For more information about RxJava in observer mode, see rxjava for more information.

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For more information about RxJava in observer mode, see rxjava for more information.
Preface what is RxJava

RxJava-Reactive Extensions for the JVM-a library for composing asynchronous and event-based programs using observable sequences for the Java VM.

The above is the introduction of RxJava on Github, which roughly means,For the responsive extension Implementation of JVM (Java Virtual Machine), a library that uses an observed sequence on Java VM to Implement Asynchronous and event-based programming is combined.

RxJava should have been used by many users, so I will not talk about it here. We all know that RxJava isObserver ModeThe following describes the implementation logic of RxJava2 Based on the implementation mechanism of the observer mode. Only by truly understanding the implementation principles of RxJava can we locate problems more quickly and accurately when encountering problems.

This source code analysis is based on RxJava Release 2.1.7

Observer Mode

Here we will briefly review the composition and usage of the observer mode. Through the analysis in the previous article on the observer mode, we know that the observer mode has four important roles:

Abstract topic: Define the function of adding and deleting an observer, that is, the function of registering and unregistering.Abstract observer: Define what the observer will do after receiving the topic notificationSubject: Abstract theme implementationSpecific observer: Implementation of abstract observer

When we have created a specific topic and observer class, we can use the observer mode. Below is a simple test demo.

Public class TestObservePattern {public static void main (String [] args) {// create a topic (observed) ConcreteSubject concreteSubject = new ConcreteSubject (); // create the observer ObserverOne observerOne = new ObserverOne (); // Add the observer concreteSubject for the topic. addObserver (observerOne); // The topic notifies all observers of concreteSubject. notifyAllObserver ("wake up, wake up ");}}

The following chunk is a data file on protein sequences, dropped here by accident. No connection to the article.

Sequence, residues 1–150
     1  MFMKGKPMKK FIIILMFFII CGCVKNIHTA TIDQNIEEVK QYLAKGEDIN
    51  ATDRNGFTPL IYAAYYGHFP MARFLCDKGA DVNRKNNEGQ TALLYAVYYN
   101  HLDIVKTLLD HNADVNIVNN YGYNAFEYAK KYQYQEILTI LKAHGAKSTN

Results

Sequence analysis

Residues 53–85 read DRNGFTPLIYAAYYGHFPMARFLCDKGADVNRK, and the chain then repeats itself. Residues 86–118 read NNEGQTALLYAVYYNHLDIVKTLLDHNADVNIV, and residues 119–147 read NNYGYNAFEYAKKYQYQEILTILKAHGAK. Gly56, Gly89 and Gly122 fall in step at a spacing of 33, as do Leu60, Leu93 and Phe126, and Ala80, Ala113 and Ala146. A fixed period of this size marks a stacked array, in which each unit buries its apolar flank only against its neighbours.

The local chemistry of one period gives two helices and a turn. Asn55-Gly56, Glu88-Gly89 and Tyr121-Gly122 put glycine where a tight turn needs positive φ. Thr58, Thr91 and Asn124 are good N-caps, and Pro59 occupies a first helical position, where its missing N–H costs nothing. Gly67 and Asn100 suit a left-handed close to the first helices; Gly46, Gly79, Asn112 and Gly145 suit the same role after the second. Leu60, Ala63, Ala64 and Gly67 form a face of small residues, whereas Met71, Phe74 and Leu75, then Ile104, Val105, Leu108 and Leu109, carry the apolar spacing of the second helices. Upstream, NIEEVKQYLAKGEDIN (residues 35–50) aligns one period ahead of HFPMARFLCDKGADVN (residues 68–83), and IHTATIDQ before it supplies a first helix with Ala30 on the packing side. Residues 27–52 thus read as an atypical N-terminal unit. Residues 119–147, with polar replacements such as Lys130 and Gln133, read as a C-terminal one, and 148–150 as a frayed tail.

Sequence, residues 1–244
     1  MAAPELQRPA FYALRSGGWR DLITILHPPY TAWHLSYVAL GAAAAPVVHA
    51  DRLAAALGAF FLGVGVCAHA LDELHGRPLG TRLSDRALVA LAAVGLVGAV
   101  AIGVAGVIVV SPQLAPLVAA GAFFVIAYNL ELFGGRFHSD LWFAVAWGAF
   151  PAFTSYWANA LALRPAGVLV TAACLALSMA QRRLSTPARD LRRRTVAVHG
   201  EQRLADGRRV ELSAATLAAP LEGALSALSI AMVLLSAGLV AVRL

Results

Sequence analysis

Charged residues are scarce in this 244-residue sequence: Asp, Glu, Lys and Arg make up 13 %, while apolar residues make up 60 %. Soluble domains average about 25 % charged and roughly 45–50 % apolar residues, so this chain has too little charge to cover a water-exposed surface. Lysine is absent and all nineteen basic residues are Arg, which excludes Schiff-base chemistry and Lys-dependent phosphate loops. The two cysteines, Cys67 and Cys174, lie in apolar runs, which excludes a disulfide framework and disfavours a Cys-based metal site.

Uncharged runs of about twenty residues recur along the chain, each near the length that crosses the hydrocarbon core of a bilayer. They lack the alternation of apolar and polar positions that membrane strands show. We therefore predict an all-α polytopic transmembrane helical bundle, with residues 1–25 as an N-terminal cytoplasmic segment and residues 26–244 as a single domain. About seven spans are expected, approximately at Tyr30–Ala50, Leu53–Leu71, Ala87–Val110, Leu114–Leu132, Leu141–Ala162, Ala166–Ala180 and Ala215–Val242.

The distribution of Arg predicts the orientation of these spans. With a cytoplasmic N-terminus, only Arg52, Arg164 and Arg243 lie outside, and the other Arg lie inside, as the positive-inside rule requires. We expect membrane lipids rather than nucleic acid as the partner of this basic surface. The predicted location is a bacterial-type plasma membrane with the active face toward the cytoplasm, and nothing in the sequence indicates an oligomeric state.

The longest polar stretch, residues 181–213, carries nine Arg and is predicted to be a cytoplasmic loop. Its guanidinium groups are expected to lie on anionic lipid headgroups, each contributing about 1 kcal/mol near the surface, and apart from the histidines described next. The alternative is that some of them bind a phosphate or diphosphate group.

The preceding figure shows how to use the observer mode. Now let's take a look at how RxJava uses the observer mode with the following questions.

After using RxJava for so long, you can think about the following issues:

How are the four important roles mentioned above defined in RxJava? In RxJava, how is the specific observer instantiated? In RxJava, how does one subscribe to the observer and topic? In RxJava, how does the upstream send events and how does the downstream receive events? What are the benefits of adjusting the regular observer mode in RxJava?

If you have a clear answer to the above questions, congratulations, you don't need to read the following content, O (∩ _ ∩) O Haha ~.

Many developers may learn RxJava fromUpstreamAndDownstreamIn the beginning, we can consider that such a description is more focused on the features of RxJava event sequences. FromObserved (subject)AndObserverFrom the perspective of the RxJava observer pattern. The topic here is upstream, and the observer is downstream. No matter which angle you want to understand, the source code is just like this. It doesn't matter whether you are right or wrong. It's just that everyone's cognitive angle is different. Just select a method that you can better understand.

Well, if you see this, it means you have some questions about the above issues, so let's take a look at the source code implementation of RxJava from these issues.

Implementation of the observer mode of RxJava2

Let's take a look at what RxJava is like with the above questions. To facilitate narration and memory, Let's first look at the most basic usage of RxJava2.